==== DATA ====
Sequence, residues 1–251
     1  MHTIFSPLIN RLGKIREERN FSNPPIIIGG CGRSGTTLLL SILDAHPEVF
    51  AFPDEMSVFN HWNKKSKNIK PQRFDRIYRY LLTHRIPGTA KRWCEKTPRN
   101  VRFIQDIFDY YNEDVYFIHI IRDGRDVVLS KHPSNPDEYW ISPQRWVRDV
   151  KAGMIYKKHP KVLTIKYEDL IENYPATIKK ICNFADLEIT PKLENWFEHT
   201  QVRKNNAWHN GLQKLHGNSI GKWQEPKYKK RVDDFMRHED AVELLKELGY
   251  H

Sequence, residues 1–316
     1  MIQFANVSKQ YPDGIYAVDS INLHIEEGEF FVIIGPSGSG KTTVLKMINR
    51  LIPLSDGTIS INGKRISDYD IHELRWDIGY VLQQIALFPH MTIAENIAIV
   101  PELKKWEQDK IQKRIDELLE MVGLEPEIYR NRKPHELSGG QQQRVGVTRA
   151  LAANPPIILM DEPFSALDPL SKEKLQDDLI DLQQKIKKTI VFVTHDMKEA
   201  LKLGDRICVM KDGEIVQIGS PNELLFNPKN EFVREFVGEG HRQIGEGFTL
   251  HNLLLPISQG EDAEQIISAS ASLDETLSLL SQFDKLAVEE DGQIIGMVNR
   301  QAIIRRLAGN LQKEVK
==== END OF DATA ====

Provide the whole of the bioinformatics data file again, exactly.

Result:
Sequence, residues 1–251
     1  MHTIFSPLIN RLGKIREERN FSNPPIIIGG CGRSGTTLLL SILDAHPEVF
    51  AFPDEMSVFN HWNKKSKNIK PQRFDRIYRY LLTHRIPGTA KRWCEKTPRN
   101  VRFIQDIFDY YNEDVYFIHI IRDGRDVVLS KHPSNPDEYW ISPQRWVRDV
   151  KAGMIYKKHP KVLTIKYEDL IENYPATIKK ICNFADLEIT PKLENWFEHT
   201  QVRKNNAWHN GLQKLHGNSI GKWQEPKYKK RVDDFMRHED AVELLKELGY
   251  H

Sequence, residues 1–316
     1  MIQFANVSKQ YPDGIYAVDS INLHIEEGEF FVIIGPSGSG KTTVLKMINR
    51  LIPLSDGTIS INGKRISDYD IHELRWDIGY VLQQIALFPH MTIAENIAIV
   101  PELKKWEQDK IQKRIDELLE MVGLEPEIYR NRKPHELSGG QQQRVGVTRA
   151  LAANPPIILM DEPFSALDPL SKEKLQDDLI DLQQKIKKTI VFVTHDMKEA
   201  LKLGDRICVM KDGEIVQIGS PNELLFNPKN EFVREFVGEG HRQIGEGFTL
   251  HNLLLPISQG EDAEQIISAS ASLDETLSLL SQFDKLAVEE DGQIIGMVNR
   301  QAIIRRLAGN LQKEVK